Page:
The makers of economic policy of the Western industrialized countries have been occupied, during the financial market crisis by no other topic as much as the remuneration regulations for financial institutions. False incentives in the remuneration systems of major banks, in particular, have been made out as one – if not the – main cause of the financial market crisis. The banks are accused of having induced the responsible players to take unreasonable risks by using remuneration systems with a too short-term orientation. Since then, it has been discussed how to avoid the risks associated with such remuneration systems in the future.

In Germany, the Act concerning Regulatory Requirements for Remuneration Systems for Financial Institutions and Insurance Undertakings (Gesetz über die aufsichtsrechtlichen Anforderungen an die Vergütungssysteme von Institute und Versicherungsunternehmer) came into force on 27 July 2010. This is supposed to transpose the principles for sound compensation practices in the financial sector - developed by the Financial Stability Board and approved by the Group of Twenty Finance Ministers and Central Bank Governors (G 20) - into statutory law. The act provides a legal basis for regulations laying down the details for remuneration arrangements. The Regulation Concerning Regulatory Requirements for Remuneration Systems of Banks and Financial Services Institutions (Verordnung über die aufsichtsrechtlichen Anforderungen an Vergütungssysteme von Kredit- und Finanzdienstleistungsinstituten, InstitutsVergV), which is anticipated to come into force in October 2010, is presented in this paper.

The Regulation Concerning Regulatory Requirements for Remuneration Systems of Banks and Financial Services Institutions applies to all German banks and financial services institutions, their foreign subsidiaries and branch offices and German branches of undertakings located abroad.

It makes a distinction between general and special requirements:

The general requirements of the regulation, which apply to all undertakings and all remuneration systems of all business managers and employees, include the following:

  • An appropriate remuneration system that avoids incentives for taking unreasonably great risks:
    • No significant dependence on variable remuneration
    • No entitlements to severance payments that are independent of negative profit contributions
    • Separate remuneration systems for control unit employees that may not run counter to the supervisory function
  • The principles of German stock corporation law (§87 of the Stock Corporation Act) must be considered with regard to the amount and form of compensation for management (reasonable proportionality between remuneration and the responsibilities/services or situation of the company; reduction of remuneration when the company's situation worsens).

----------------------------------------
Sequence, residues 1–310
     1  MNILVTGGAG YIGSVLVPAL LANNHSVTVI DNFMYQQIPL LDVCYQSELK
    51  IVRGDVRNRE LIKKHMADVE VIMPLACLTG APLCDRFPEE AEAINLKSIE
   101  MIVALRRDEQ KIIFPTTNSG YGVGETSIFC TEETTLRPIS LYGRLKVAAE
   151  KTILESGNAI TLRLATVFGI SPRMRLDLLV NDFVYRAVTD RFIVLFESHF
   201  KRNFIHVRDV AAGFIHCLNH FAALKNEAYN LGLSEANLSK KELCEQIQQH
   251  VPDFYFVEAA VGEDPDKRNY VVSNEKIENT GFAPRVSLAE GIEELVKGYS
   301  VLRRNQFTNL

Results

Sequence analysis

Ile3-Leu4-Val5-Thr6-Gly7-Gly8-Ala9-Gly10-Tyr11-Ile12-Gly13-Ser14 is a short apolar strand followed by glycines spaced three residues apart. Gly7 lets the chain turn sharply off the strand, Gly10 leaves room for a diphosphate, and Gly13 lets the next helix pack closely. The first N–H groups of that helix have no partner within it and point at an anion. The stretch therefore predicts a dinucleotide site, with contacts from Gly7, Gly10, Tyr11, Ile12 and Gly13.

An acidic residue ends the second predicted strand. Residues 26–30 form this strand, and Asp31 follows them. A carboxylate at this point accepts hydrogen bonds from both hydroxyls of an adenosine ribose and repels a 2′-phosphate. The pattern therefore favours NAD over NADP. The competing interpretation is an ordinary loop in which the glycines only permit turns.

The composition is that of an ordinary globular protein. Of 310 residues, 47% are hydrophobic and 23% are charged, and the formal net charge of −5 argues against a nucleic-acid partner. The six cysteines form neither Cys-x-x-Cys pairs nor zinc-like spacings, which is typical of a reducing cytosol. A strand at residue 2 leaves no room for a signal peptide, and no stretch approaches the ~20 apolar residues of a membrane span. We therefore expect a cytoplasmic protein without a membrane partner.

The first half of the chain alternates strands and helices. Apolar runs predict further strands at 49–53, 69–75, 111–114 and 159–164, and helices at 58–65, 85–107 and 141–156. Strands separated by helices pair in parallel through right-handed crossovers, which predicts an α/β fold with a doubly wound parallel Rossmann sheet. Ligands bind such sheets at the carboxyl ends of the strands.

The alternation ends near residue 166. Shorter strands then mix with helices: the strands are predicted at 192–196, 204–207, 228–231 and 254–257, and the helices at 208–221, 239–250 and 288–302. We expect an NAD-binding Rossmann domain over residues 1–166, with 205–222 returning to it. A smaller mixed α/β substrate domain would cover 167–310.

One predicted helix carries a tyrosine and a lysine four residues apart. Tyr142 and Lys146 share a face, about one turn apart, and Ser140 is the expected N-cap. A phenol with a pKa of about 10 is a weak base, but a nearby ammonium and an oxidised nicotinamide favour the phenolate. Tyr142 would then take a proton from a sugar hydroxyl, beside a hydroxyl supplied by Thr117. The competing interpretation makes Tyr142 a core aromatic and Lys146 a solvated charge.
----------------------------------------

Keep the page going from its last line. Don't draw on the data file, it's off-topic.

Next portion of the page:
• Variable remuneration may not restrict the ability to increase the equity capital base as needed.
  • Annual duty to audit and, if necessary, adapt remuneration systems

Particular requirements apply to the remuneration systems for business managers and so-called risk takers (employees who can constitute great risks) of so-called "major institutions". Whether an institution is "major" depends on the average of total assets over the last three full fiscal years.

  • Institutions having total assets of less than €10 billion are not considered "major" within the meaning of the regulation.
  • If an institution has total assets averaging €40 billion or more, it is refutably presumed that it is "major".
  • If the total assets are somewhere in between, the institution must decide autonomously whether it is "major". In this respect, the size of the institution, its remuneration structure and the type, scope, complexity, inherent risk and international character of its business activities are to be considered, in particular.

Institutions having total assets exceeding €10 billion must assess on the basis of a written risk analysis whether they are "major". If an institution is major, its remuneration systems must meet the following particular prerequisites:

  • "Reasonable proportionality" of fixed and variable remuneration
  • Particular requirements apply to the form of variable remuneration:
    • Guaranteed bonus payments prohibited
    • Individual contribution to profit and overall success of the institution and the organizational unit to be included in the remuneration parameters
    • At least 40 percent of the variable remuneration to be retained for a period of at least three years; this part of the remuneration not to be paid out faster than pro rata temporis
    • Half of the retained remuneration to depend on the sustainable performance of the institution
    • The remuneration's risk alignment not to be limited or cancelled by hedging measures or other measures

The organizational requirements are also stricter for major institutions:

  • Risk analysis concerning the risk takers documented in writing
  • Establishment of a remuneration committee
  • Annual remuneration report by the remuneration committee
  • Broader disclosure obligations

According to the regulation, the adaptation of existing contracts and remuneration systems must be carried out on the basis of a legal assessment.

The business managers are responsible for setting up reasonable remuneration systems for employees. The administrative or supervisory boards are in turn responsible for setting up remuneration systems for the business managers. The business managers or the administrative or supervisory boards are therefore liable for non-compliance towards the institutions if the institutions incur a loss because their remunerations systems do not comply with requirements.